You will most likely have an error on the right of your page in the two panels. These panels hold a demonstration of two shiny apps that use rmarkdown – so let’s go ahead and install that into our VM so we can see them on our welcome page!
$ sudo su - -c "R -e "install.packages('rmarkdown', repos='http://cran.rstudio.com/')""
If at any point (not that this happened to me..no…not at all..), after trying to run and unrun things, the homepage disappears (again…not that this EVER happened to me..) check the configurations on your azure portal Overview page. The settings of your DNS and assigned name. I changed it from dynamic to static and ran through the installation process again – if it is already installed, it won’t re-install it, but if there is an update available it will update it. So really doesn’t hurt…
Once all that works out, refresh your page and (hopefully) voila! You should see the applications!
My app – i want my app!
Up until now we’re doing great, everything is set up and working, but we want to deploy our own app – the mission continues! Firstly, you’ll need to copy over the necessary files from your local host onto your brand spanking new (and shiny) VM – just in case you’re such a noob that you don’t know your local host name (once again…not that any of this relates to me and what I had to deal with through deployment..) open up your PC command line (windows, type in cmd in your start page) and type the following command:
$ ipconfig /all
On windows, you can change this to something you like and can remember (and type faster) by going to your Settings > System > About (– who doesn’t like naming their computer?!)
If you’re a FURTHER noob (and I am not saying I came across these issues whatsoever…she says as she whistles away) and forgot your password (because you use the high tech facial rec or easier-to-remember PIN instead) then open your command line as an Administrator (right click on command line and select “Run as Administrator”) and type in the following command:
$ net user Administrator *
This will allow you to set up your new password, re-type it and it will overwrite your previous one – keep it safe and for the love of God, remember it!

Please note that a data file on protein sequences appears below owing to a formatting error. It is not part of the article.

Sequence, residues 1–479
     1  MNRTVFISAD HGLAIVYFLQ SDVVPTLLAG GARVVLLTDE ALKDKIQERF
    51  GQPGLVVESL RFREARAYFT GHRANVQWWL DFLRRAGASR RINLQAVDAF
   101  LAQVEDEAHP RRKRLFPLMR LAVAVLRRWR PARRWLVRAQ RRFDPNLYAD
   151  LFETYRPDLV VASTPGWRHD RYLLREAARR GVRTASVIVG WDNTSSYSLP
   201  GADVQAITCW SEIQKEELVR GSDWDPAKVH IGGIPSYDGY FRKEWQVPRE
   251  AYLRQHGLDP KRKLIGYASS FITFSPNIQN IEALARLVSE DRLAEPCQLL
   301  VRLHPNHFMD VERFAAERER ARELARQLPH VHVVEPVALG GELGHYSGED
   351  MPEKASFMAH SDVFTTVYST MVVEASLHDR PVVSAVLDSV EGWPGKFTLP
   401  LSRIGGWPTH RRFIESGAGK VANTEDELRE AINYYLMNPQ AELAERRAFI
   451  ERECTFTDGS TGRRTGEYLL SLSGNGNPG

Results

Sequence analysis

Right back to shiny app deployment, once you’ve collected yourself, scp your files over (I did it from my computer command line to the VM – rather than from PuTTY, but either way works):
$ scp -r file_to_be_copied user@DNSname:
(remember, you’re copying your files reclusively using scp -r, stating the file and then telling it where to send it off in the format of username setup on your azure “at” the DNS name or IP address again taken from y our overview page on your Azure, semicolon path – here I would suggest you send it to /srv/shiny-server and then mkdir a folder to keep your app files in – for this app I created the folder “TorenApp”)
Once you have all the necessary files (namely, your ui.R and server.R scripts needed to run your app – I also have an .Rmd file as users of my app can download written content, using the knitr package), open the .conf file to edit the directory of your app, in order to display it on the webpage. Under location, site_dir needs to be altered to app_dir. This instructs the Shiny Server to attempt to serve a single application hosted at the given directory:
# Define the location '/TorenApp'
If you reload your server (sudo reload shiny-server) and refresh your page, you should see your app – if you’re super-duper lucky! If not, move onto the debug section below!
the torturous debugging phase
This phase is never easy, because your app will function exactly how you want it on your local machine – which may be of a different operating system to lets say Linux – which is your current VM OS! The best way to debug is by checking your log files and looking at where the system breaks by addressing the errors. Use this command to get to your log files:
$ cd /var/log/shiny-server
$ nano appName-shinyuser-yyyymmdd-hhmmss-41509.log
Add the following line into your code (make sure to remove this later):
options(shiny.sanitize.errors = FALSE)
Edit your shiny server .conf file and add the following line after "run_as" :
$ sudo nano /etc/shiny-server/shiny-server.conf
If you’re not that comfortable to work on command line, download X2go (https://wiki.x2go.org/doku.php), which is a lovely interface.
The go-to things I’d make sure I do in debugging if things aren’t working are:
· For one, make sure you have two files for your app, I had it in a single file and ran it through there, but the server here expects the format in two separate files in order to be run and hosted properly.
· It goes without saying that all your dependencies should be explicitly downloaded through your script – don’t be clever, pacman does NOT work. What worked for me was manually installing every package onto the VM and only loading library calls in the script. You only have to do this once, so might as well do it and create an environment your app runs on.
· Make sure the R version you used on your local host is the same as the one you have downloaded onto your VM, for the dependencies to work the same. I for example had to update to the latest version of R – you’d think this would by default be downloaded when installing R, for some reason it was running in an older version.
· Check that your script doesn’t include any relative pathways and explicitly write the new ones.
Well that’s a wrap! Hope you’ve found this blog interesting and please do get into contact if you face any other issues that aren’t mentioned here or that aren’t covered in the following (awesome) tutorials and blogs!
Awesome tutorials / documentation to help!